Wednesday, March 4, 2020

The envelope budgeting system

One of the classes I'm assisting in this semester at the high school I work at is a personal finance course. I'm really loving it, and I, too, am learning a lot.

Anyways, for about a week now, I've been trying a form of budgeting known as the envelope system. We were learning about it in class last week. The envelope budgeting system has been around for a very long time, and I was already familiar with it before class last week. I just never really tried it myself.

Here's the general gist of the envelope system, along with my spin and take on it.

Typically, the envelope system involves taking physical envelopes and assigning each one to a category of spending. You then place cash in each envelope (how much is up to you), and you only use the cash you have in each of the envelopes for their assigned categories. Once you run out of cash in an envelope, then you're done spending in that category until you can refill the envelope (next paycheck? next allowance day? next month? you decide.).

Now, for bills that you have taken out of your checking account automatically (like car insurance, rent, utilities, etc., etc.), keep them that way. Leave those expenses on autopilot. The envelope system is best used for purchases like groceries, restaurants and entertainment, clothing, gas, miscellaneous odds and ends, etc.

The concept behind this old-school way of paying cash for items is that it limits you to spending only the money you have in the envelope. And the challenge is to spend the money in the envelope wisely, because it's a finite amount. It will run out, if you spend too much, too fast. See, psychologically, it's all too easy to end up spending far greater amounts of money in the long run when we use plastic, whether it be in the form of credit or debit cards, because our minds are telling us that we have more money available to spend. Make sense? So, for example, if I go into a clothing store on a set mission to buy a pair of pants that I need (not want, but need - big difference!), and I have a credit or debit card along with me to make that purchase, it becomes a lot easier to end up purchasing other clothes that I don't need, because I know I have a lot more money, relatively speaking, available to me with the plastic than I would have with, say, a $50 bill in my wallet.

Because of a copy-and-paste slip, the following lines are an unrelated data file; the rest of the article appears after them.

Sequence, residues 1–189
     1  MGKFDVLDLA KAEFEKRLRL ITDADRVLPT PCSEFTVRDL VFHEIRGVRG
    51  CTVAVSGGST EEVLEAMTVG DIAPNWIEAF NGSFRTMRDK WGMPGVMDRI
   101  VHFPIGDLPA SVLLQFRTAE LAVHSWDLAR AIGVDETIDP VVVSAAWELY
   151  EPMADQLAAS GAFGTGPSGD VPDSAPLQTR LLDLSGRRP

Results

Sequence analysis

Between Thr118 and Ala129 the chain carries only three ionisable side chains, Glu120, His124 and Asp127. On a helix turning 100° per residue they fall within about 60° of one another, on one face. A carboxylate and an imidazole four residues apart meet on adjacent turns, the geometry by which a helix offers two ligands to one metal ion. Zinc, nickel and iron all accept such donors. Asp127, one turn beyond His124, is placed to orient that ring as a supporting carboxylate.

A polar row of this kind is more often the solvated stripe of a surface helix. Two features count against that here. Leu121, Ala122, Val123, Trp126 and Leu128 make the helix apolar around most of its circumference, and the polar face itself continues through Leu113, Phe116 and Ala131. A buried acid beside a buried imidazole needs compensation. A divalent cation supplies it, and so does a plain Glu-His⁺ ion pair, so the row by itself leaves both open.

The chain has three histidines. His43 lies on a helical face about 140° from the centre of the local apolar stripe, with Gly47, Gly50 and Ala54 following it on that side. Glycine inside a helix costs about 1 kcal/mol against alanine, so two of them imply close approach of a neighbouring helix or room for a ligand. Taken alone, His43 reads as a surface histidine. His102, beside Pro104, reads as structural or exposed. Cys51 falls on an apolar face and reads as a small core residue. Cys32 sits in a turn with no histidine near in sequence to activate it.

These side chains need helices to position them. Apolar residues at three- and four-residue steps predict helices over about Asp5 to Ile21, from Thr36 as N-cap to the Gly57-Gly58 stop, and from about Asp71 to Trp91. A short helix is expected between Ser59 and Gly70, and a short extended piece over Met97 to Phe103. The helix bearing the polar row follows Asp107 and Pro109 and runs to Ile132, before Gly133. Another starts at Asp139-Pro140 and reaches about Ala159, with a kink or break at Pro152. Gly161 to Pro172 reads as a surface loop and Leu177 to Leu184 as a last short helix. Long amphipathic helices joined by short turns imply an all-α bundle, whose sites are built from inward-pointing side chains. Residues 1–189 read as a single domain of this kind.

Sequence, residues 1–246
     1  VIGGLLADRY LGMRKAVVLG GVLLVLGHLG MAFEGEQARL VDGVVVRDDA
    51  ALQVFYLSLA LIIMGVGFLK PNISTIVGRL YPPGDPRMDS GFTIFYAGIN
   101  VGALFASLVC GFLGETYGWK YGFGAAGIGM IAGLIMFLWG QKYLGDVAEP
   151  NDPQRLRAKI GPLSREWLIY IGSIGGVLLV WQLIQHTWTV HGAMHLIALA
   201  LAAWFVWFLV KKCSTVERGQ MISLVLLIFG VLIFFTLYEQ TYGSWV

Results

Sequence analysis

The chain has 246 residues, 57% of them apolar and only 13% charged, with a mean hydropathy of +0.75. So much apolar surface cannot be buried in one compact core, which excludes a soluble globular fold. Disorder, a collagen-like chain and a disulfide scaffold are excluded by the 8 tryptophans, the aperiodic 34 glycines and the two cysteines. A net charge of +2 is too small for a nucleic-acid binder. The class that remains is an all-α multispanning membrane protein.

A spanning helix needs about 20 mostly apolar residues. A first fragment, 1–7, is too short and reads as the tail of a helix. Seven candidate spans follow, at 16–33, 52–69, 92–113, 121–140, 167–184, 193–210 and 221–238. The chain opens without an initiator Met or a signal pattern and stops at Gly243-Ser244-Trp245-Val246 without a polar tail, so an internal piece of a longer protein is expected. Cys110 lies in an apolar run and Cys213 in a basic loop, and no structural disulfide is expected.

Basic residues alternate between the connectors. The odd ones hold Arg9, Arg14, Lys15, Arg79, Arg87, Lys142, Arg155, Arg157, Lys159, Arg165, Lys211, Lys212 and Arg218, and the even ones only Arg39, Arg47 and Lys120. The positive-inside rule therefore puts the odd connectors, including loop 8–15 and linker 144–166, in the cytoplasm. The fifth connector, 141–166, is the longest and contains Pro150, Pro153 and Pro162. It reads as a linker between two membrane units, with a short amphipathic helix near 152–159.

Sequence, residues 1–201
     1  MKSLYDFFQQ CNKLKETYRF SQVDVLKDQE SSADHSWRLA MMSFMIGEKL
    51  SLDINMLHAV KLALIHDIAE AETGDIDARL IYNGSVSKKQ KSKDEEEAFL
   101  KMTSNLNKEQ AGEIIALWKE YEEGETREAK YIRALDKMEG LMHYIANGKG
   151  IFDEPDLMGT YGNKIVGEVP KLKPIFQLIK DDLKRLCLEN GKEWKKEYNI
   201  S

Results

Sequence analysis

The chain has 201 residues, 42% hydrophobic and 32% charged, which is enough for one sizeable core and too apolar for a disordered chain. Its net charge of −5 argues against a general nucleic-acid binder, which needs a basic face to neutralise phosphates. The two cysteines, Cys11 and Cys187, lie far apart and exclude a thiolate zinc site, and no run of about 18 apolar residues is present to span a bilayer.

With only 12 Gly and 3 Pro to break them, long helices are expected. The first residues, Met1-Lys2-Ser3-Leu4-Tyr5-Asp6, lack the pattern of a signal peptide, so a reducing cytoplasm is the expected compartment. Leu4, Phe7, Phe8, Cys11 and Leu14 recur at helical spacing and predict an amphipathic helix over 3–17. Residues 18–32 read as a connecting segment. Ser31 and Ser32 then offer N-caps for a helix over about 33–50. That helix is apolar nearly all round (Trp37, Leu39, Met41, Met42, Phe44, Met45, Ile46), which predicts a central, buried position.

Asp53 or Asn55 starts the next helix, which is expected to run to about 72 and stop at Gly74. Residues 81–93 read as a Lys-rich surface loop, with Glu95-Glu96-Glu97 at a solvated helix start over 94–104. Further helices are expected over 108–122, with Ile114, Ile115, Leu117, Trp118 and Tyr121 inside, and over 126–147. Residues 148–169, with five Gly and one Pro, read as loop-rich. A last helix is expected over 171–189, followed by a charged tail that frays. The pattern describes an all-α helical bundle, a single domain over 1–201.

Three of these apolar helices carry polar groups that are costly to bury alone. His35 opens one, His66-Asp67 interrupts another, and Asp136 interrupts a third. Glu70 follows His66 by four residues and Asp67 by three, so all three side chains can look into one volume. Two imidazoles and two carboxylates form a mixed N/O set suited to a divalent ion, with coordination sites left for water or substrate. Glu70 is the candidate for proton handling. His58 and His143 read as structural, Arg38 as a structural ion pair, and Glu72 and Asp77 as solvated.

Now, I've put my own unique spin on utilizing the envelope system. I have five envelope categories for purchases. Those categories are: groceries, dining out/entertainment, gas, clothing, and online purchases. But I also created a sixth envelope for a saving category, rather than a spending one. I'm attempting to save 10% of my income. That's right - in addition to trying to better track and manage my spending, I'm trying to intentionally save more by earmarking 10% of my income each pay period.

What's also cool about the way I'm customizing the envelope system for my purposes is that some of the categories aren't very necessary, and that's by intentional design. For example, I don't typically make many online purchases. And I don't buy clothing too often, either. But if I'm socking away, say $50 per pay period, in each of those categories, I could end up with a nice little pile of unspent cash after several months. I can then decide to transfer some or all of it to my saving envelope or to one or more other spending envelopes that tend to be utilized more often.

So far, it's way too early to tell how well this system is working for me or how I feel about it. I am, however, optimistic and excited to enter my second week. It is definitely a challenge, no doubt. I can tell that doing this form of budgeting will certainly require a lot of discipline and patience.  

For more great ideas and insights about using the envelope budgeting system, check out these additional resources by financial expert Dave Ramsey. Our personal finance class utilizes a lot of Mr. Ramsey's material. Awesome stuff. Very practical advice and strategies that you can begin implementing right away.

The Envelope System Explained (podcast)

Dave's Envelope System Explained (written article)

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